13. Ben Vorlich permalink
    May 2, 2015 7:10 am

    There are a number of sites which give real time or nearly real time data for EU countries. I’ve never been able to find any non-UK ones for historical data, apart from the GridWatch French data.


    Germany (not quite real time)



    European windspeed map

  14. johnmarshall permalink
    May 2, 2015 11:37 am

    And it’s these variations that cause the Grid problems.

  15. May 2, 2015 12:23 pm

    As I knew a lot of it and we will have a lot of fun and a lot of people are poor and some are rich

  16. May 2, 2015 12:44 pm

    “US electric carmaker Tesla Motors has unveiled batteries that can power homes and businesses as it attempts to expand beyond its vehicle business.

    Chief executive Elon Musk announced the firm would build batteries that store solar energy and serve as a back-up system for consumers during blackouts.”

    Why should we need back-up for blackouts?

    “The rechargeable lithium-ion battery unit would be built using the same batteries Tesla produces for its electric vehicles, analysts said.

    The system is called Powerwall, and Tesla will sell the 7kWh unit for $3,000 (£1,954), while the 10kWh unit will retail for $3,500 (£2,275) to installers. ”

    It doesn’t say how long the batteries would last.

  17. saveenergy permalink
    May 2, 2015 4:42 pm

    I find this an interesting tool –
    Interactive Globe (click on earth ) for Wind, Temperature, Ocean currents,,54.73,284

    • The IEA is pleased to present the “Monthly Electricity Statistics” report, which provides timely and consistent electricity production and trade data for all OECD Member Countries. The “Monthly Electricity Statistics” provides data that are fully reconciled to the definitions of the annual reporting. Also on this page you can find a historical dataset going back to jan 2000

    Canada – Ontario –

    Lots more Wind turbine Outputs here –

  18. Detl permalink
    May 2, 2015 5:52 pm

    The problem is, that you can build as many windmills in an area as you want. The power that ist allways available will remain at zero. For Germany this is proven in the following article:

    As the article was translated by google, unfortunately there are some translation errors…

  19. THX1138 permalink
    May 3, 2015 1:30 am

    I don’t know about Britain or Europe, but over 30 years ago, here in America, I worked for a windpower company as their data processing head (I know, I was young and naive). They constantly played with figures, for example reporting “capacity” as if it was being delivered, when in fact one lone several kilowatt machine was running on the entire property (out of at that time 1100 machines). The utility companies played a game wherein they paid a fee for not providing the distribution “capacity” for that windfarm, year in and year out, all based on the “representative” output of that lone wind turbine. The entire thing is a scam top to bottom, front to back. Meanwhile, I couldn’t believe the size of “executive bonus” checks I kept seeing flowing off the printer. They cut short my career when, I think, they figured I was catching on, they made it all my fault, of course, and under extreme duress.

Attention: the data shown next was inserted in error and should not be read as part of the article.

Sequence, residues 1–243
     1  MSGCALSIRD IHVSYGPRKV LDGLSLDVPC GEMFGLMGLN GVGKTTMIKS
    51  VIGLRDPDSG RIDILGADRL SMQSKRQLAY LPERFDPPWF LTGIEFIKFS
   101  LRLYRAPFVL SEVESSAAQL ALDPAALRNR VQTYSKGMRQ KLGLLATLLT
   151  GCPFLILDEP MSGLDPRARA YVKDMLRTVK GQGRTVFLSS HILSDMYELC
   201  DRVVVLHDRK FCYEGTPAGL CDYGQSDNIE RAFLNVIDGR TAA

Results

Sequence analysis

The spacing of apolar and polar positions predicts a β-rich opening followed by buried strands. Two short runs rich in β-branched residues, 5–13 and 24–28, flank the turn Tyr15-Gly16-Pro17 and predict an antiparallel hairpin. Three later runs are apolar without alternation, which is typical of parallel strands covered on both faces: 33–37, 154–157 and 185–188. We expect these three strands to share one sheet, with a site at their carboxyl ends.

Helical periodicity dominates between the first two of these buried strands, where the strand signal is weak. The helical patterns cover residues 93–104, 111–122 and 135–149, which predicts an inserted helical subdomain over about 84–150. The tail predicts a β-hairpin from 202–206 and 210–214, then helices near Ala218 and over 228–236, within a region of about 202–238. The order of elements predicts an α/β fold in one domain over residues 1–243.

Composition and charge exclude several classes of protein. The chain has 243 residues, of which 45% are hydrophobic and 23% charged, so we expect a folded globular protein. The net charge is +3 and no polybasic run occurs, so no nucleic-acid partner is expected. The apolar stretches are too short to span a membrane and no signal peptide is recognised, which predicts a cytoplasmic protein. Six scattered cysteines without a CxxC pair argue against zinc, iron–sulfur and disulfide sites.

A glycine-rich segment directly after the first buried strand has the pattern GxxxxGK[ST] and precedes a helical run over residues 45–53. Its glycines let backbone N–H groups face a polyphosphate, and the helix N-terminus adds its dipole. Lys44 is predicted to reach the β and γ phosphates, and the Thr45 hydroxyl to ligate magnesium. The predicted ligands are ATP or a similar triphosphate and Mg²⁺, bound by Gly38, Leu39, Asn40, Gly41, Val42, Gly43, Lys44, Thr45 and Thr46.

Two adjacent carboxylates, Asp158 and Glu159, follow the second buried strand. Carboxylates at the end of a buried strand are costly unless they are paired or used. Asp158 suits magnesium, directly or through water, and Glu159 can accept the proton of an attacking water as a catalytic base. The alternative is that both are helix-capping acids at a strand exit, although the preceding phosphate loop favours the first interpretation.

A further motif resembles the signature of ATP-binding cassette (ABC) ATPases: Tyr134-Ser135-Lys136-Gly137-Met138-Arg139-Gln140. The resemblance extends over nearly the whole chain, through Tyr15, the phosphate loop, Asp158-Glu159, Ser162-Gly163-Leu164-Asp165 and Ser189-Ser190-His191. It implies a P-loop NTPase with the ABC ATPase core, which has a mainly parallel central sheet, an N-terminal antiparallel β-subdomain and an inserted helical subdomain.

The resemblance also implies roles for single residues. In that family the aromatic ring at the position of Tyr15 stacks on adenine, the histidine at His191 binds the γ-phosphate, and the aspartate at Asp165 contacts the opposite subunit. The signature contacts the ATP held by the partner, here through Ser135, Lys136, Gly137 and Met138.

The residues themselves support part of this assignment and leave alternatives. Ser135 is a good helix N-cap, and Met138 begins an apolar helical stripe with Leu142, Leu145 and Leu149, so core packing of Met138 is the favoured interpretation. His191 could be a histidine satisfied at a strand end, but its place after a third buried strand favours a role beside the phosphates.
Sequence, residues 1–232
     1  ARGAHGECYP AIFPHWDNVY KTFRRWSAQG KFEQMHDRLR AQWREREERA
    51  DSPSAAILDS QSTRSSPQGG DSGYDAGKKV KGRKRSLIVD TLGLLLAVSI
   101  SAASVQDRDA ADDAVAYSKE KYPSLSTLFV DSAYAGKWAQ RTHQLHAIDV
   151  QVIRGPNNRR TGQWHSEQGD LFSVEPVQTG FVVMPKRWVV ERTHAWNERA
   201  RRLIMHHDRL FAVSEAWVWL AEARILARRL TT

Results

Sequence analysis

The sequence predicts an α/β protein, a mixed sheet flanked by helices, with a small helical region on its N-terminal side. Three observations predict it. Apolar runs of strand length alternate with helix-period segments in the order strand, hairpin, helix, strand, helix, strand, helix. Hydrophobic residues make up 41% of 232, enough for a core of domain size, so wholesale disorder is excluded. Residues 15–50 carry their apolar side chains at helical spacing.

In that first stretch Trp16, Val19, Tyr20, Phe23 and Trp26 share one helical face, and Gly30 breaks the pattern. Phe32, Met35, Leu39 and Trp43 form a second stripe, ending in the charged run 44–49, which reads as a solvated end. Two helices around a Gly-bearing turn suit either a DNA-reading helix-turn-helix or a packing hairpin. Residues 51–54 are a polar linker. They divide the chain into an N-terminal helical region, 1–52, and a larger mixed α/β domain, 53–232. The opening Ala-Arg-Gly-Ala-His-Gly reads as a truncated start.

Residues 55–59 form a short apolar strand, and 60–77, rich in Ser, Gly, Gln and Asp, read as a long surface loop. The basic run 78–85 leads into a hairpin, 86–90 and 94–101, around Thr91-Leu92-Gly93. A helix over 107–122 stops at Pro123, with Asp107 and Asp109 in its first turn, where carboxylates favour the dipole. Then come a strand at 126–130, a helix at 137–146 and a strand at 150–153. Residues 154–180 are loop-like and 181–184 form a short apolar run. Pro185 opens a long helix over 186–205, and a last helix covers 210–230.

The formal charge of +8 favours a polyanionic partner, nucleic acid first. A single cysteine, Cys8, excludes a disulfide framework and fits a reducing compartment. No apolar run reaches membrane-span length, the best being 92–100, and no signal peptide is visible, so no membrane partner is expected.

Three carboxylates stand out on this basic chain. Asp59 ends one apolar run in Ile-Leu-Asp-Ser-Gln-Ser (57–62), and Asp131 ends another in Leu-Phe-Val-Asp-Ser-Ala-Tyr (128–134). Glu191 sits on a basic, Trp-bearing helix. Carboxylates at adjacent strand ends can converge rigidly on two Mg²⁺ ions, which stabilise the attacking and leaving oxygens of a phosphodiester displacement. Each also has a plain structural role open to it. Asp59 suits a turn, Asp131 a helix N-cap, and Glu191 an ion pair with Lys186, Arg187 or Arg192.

Certainly this type of corruption is not new to anyone here? Or maybe some people are just not used to thinking about the size and scope of it, and the incredible lies they will weave to keep the scheme (scam) going?

    • saveenergy permalink
      May 3, 2015 8:53 am

      You are not alone, same things are happening in UK & around the world.

  20. May 4, 2015 8:27 pm

    Wind energy is green energy, I agree! But if we built those wind parks in the middle of the sea or of the ocean, like it happened in the Baltic and in the North Sea, for example, we could influence the ocean and the water temperature and, thus, the entire climate. It’s a fact that we should keep in mind and take into account when thinking about green energy from offshore wind mills.

    • saveenergy permalink
      May 4, 2015 11:16 pm

      @ smamarver,
      2 points;
      1 ) wind power generation is far from being ‘green energy’, no space to elucidate here.
      (suggest you look at – whole life costing, from material manufacture to disposal, constant backup requirements & checkout how ‘green’ any energy storage is. )

      2 ) you obviously have little grasp of engineering or geophysics to even think wind parks could influence the ocean and the water temperature, let alone the entire climate !!

      • May 5, 2015 6:27 am

        Saveenergy, for the first point, I agree with you, the costs are very high. For the second one, here is a study of what happened in the North Sea and Baltic:

      • saveenergy permalink
        May 5, 2015 12:16 pm

        @ smamarver, sorry…..but

        1) A clue is in the title – ‘A fascinating THEORY on the impact of naval warfare on climate’

        2) The article talks about “ship propellers are plowing through the sea stirring the surface layer”